The Royal Aviation Museum of Western Canada is working to honor the children and pilot who died 50 years ago in the Linwood Street tragedy.
On June 24, 1972, a plane carrying eight residential school students to Bunibonibee Cree Nation crashed into a vacant lot on Linwood Street.
All eight students and the pilot died in the crash.
They were Margaret Robinson, Mary Rita Canada, Ethel Grieves, Rosalie Balfour, Wilkie Muskego, Iona Weenusk, Roy and Deborah Sinclair, and the pilot Scott Coughlin.
“An important mission of the new Royal Aviation Museum is to bring to light little-known stories of aviation history in western and northern Canada, led by a commitment to reconciliation and partnership with Indigenous peoples,” said Terry Slobodian, the president and CEO of the museum, in a news release. “Telling this story is an important step in fulfilling this mission; while the arrival of aviation brought many benefits to northern communities, there were also some heartbreaking consequences.”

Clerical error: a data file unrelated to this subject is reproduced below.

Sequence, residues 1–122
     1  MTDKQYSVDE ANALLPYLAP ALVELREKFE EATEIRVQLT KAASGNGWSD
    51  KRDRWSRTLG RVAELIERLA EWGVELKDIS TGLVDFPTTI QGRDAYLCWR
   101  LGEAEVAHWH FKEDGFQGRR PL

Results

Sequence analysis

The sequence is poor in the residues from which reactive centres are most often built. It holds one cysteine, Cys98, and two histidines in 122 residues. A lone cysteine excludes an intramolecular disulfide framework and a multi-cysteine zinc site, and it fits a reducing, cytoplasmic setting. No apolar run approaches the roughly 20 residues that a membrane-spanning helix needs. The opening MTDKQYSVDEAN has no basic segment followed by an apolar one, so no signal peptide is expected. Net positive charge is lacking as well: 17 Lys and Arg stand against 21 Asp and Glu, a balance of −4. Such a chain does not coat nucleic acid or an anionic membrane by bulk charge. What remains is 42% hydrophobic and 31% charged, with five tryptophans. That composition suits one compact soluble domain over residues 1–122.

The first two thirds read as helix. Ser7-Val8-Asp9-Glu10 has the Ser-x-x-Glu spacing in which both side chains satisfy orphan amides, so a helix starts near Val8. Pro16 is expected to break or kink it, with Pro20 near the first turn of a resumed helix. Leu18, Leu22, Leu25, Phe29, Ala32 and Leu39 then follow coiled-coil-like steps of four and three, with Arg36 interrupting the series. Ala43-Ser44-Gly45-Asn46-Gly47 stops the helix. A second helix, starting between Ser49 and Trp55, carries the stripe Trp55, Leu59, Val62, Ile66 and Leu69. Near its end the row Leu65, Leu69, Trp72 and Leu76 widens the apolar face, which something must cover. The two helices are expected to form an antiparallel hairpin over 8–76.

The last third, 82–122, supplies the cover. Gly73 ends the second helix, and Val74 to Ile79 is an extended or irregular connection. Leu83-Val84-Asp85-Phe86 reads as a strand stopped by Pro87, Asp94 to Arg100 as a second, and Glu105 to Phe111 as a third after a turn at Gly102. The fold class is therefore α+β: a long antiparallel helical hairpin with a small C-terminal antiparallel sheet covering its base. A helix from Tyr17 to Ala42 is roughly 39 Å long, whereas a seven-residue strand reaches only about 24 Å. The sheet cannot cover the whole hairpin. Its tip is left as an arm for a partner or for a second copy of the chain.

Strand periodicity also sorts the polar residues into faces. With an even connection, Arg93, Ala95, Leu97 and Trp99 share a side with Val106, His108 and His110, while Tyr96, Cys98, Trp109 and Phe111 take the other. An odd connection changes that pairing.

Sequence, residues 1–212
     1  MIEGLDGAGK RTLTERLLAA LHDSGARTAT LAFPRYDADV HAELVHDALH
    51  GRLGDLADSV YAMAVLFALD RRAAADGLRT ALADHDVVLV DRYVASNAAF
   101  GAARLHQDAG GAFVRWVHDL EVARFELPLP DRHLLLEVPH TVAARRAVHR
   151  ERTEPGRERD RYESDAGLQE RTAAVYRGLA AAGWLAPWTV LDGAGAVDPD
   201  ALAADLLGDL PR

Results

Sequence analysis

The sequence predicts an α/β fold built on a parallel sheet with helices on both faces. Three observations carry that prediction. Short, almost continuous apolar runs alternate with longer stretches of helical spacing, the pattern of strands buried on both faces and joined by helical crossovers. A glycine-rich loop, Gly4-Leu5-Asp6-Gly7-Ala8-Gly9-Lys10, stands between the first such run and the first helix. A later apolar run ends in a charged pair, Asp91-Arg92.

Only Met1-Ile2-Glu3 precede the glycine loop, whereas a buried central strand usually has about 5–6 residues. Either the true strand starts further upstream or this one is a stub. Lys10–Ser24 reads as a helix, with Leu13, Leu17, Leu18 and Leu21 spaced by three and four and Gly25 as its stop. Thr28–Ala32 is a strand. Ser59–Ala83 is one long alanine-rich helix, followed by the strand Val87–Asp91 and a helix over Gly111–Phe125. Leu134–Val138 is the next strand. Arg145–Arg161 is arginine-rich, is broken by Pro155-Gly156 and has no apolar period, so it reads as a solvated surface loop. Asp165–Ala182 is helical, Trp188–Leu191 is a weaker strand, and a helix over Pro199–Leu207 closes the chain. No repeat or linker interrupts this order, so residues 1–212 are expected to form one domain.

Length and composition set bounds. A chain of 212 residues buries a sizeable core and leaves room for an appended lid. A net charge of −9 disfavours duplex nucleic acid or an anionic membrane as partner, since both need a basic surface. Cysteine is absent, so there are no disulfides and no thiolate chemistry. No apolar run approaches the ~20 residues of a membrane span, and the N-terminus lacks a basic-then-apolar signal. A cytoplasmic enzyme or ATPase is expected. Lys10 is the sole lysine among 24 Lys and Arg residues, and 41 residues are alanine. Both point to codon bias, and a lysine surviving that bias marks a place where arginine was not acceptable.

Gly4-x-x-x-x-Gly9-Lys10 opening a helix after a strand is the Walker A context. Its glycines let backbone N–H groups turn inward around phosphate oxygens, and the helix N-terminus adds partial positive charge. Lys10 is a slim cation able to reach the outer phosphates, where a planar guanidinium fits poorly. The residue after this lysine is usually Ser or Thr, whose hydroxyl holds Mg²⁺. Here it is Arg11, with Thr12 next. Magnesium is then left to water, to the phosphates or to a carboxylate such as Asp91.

The memorial is planned to be set up near the crash site at Linwood Street and Silver Avenue.
“The new commemorative site will ensure future generations know their names and the devastating impacts of residential schools. I’m honored I could work with the Royal Aviation Museum of Western Canada and city staff on this small step toward reconciliation,” said Coun. Scott Gillingham, in a news release.
The memorial will feature a granite pedestal that will have the names of each victim and the area will have new trees and seating areas.
The plan is to have a ceremony when the memorial is installed in the spring of 2023.
The museum is also working on building another monument for the Bunibonibee Cree Nation to remember the victims.